A father of nine plays dominoes online with his friend who is in prison from his cracked smartphone, while his youngest sons scramble onto a sidewalk on Center street lined with broken glass.
A homeless man who says he got kicked out of the city’s main shelter after a fight scavenges through a trash bin in the alley.
A young woman knocks on a door saying she is looking to get inside her friend’s place to take a shower, even though she says his unit is full of cockroaches.
A casino workers sits on his stoop smoking a cigarette, saying it’s nice to live downtown, close to his work and the bus station, but that at night, drunks, low-level criminals and drug addicts come through.
A few elderly women hurriedly scatter out of old dilapidated, pastel colored homes to walk their dogs.
Friends who are going through rehab and live in units next to each other hug on a creaky porch, with no trespassing signs all around them.
There are no signs though indicating all these residents will soon have to move.
The entire block, old houses, some small, some palatial in their day, as well as several quaint apartment buildings, adorned with flags, and rows of neat mailboxes, will soon be bulldozed away. A massive apartment building is being planned on the entire block between Sixth and Seventh streets and Center and Lake streets. Majestic trees all have red dots on them, seemingly indicating they will soon be cut down.
Reports indicate the new student high rise, high end housing will have a rooftop pool and an indoor golf simulator, continuing the trend of turning the university journey into a more expensive country club experience.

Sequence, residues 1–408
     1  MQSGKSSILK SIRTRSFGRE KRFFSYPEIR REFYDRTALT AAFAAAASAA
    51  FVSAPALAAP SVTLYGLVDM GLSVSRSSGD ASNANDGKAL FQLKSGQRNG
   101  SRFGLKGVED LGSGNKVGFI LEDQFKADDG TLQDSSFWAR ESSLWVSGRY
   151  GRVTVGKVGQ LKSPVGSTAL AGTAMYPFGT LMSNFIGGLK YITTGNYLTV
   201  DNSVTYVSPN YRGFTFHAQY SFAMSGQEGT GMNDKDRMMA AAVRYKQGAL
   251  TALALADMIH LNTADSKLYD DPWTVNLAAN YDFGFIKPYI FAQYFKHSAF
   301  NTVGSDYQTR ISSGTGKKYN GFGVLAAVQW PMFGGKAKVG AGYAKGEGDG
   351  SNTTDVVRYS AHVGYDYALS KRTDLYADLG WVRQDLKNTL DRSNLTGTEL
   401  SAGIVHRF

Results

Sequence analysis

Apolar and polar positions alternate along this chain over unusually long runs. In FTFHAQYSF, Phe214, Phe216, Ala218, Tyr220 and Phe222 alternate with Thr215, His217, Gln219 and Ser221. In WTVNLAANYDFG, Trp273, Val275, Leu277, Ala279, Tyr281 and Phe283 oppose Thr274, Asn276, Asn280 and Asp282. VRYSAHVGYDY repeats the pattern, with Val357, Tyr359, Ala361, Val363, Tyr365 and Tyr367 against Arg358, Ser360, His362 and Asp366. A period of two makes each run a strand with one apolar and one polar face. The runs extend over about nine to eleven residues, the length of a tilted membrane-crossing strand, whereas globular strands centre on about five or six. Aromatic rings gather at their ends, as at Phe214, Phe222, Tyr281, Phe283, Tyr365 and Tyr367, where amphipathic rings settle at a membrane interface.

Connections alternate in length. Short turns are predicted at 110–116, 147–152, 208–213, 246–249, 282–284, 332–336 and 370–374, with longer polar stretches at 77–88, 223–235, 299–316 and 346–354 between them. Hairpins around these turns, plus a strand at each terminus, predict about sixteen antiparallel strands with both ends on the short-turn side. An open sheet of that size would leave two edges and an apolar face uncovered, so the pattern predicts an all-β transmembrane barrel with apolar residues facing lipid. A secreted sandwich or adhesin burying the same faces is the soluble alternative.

The demolition could begin as soon as this Summer, but most current residents say they haven’t been given official notice. Some say they expect some bonus rent money. The casino worker says his landlord has promised to move him to a nearby location at a similar price.
Most current residents say they are paying between $500 to $600 including utilities, and that it will be very difficult for them to find affordable rentals close to the downtown services they rely on. Some say their landlord doesn’t do much upkeep, but that he’s lenient when payments are late. Others say it’s one of the few blocks, where, even if you have a criminal record and very bad credit, you can still rent.
The father of nine, who struggles to make ends meet with carpentry jobs, says his little house has a great backyard play area, and a basement made up of river rock from the Truckee river. He’s not sure the student housing will have such history. He also know his current family play area will be gone.
Where will these families, residents barely making enough to get by, patients currently in rehab go to live when and if the block does get demolished? What about the old homes and the old trees which will be bulldozed away? Is this our town Reno?